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Space exploration - A mining base on double asteroid 90 Antiope; space station; space habitat; in-situ resource utilization; propellant depot; planetoids; outer asteroid belt; Themis family;  C spectral type; carbonaceous - Space Art Illustration

Mining base on double asteroid 90 Antiope

Some day a it may be worthwhile to mine resources from a distant asteroid, whether for raw materials for building an orbiting structure (cheaper than rocketing the materials from Earth's surface) or for some exotic material found only on a particular asteroid.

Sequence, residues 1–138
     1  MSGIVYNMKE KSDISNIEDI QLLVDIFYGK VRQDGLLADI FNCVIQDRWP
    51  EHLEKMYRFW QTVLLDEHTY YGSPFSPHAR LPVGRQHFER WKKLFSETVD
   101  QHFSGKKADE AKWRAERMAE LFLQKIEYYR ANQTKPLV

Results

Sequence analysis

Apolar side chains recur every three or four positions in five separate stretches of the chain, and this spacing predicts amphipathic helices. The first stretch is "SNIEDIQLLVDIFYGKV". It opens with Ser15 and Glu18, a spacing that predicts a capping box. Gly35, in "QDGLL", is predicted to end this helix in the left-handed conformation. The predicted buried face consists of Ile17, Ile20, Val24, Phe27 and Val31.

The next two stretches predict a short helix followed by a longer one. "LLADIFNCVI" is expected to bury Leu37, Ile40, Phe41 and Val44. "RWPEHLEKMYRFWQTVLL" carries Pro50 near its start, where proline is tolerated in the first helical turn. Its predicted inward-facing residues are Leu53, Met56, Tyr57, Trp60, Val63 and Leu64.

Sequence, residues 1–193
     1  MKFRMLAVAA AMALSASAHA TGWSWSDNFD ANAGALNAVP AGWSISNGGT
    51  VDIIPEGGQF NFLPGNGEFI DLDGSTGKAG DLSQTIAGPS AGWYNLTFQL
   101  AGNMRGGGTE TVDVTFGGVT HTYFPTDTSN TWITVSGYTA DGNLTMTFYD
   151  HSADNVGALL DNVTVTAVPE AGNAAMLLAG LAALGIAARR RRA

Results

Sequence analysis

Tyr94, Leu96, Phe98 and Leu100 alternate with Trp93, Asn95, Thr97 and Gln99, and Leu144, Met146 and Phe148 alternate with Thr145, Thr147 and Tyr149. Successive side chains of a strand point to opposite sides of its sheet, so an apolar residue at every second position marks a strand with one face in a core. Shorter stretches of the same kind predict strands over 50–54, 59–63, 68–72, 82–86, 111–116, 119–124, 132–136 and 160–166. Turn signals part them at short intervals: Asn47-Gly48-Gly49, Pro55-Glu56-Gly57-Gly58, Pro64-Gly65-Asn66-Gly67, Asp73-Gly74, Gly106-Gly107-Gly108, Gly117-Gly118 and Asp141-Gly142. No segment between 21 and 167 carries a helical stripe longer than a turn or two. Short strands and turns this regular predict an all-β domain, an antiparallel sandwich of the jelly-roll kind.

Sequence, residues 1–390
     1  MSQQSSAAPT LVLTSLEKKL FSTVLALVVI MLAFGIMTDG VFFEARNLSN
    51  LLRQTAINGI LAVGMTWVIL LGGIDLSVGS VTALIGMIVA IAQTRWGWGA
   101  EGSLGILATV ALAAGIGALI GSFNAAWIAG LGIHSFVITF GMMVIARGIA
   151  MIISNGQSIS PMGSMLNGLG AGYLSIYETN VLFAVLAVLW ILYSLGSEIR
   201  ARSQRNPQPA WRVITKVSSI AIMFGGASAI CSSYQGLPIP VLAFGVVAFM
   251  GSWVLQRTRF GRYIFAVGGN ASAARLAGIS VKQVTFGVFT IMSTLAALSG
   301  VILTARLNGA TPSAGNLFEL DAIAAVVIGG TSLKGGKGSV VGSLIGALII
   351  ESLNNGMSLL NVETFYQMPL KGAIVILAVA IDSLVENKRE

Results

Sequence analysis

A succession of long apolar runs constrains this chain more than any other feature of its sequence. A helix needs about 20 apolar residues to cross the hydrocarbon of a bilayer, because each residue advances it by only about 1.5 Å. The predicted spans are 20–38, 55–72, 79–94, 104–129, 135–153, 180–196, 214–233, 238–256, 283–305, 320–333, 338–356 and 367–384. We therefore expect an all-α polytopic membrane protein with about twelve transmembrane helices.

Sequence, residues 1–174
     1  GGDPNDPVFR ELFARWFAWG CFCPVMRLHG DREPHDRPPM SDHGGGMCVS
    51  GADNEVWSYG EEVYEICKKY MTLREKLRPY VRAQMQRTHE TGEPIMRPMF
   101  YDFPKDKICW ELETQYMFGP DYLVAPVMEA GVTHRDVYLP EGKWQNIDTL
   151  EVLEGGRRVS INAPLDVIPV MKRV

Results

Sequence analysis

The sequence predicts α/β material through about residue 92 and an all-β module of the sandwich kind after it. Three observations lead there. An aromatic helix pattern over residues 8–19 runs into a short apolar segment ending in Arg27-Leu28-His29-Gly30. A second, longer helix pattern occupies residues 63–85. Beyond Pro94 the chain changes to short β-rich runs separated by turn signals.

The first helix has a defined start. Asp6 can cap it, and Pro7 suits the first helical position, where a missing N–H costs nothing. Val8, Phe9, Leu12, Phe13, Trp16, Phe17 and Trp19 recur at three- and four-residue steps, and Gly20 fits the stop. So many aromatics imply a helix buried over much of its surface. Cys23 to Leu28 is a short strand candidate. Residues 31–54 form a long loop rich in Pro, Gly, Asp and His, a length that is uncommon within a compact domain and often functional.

In this speculative illustration is a bird's eye view of a mining settlement on the double asteroid 90 Antiope, located in the main asteroid belt between the orbits of Mars and Jupiter. These two asteroids are about the same size--70 miles across--and orbit around a common center like two ends of a barbell. The gap separating the two bodies is only about 40 miles. The extremely low surface gravity would permit the construction of delicate structures, such as the solar power array silhouetted against the sunny side of the sister asteroid, and would make it relatively easy to transport mined material off the surface.


Copyright Walter B. Myers. All rights reserved.

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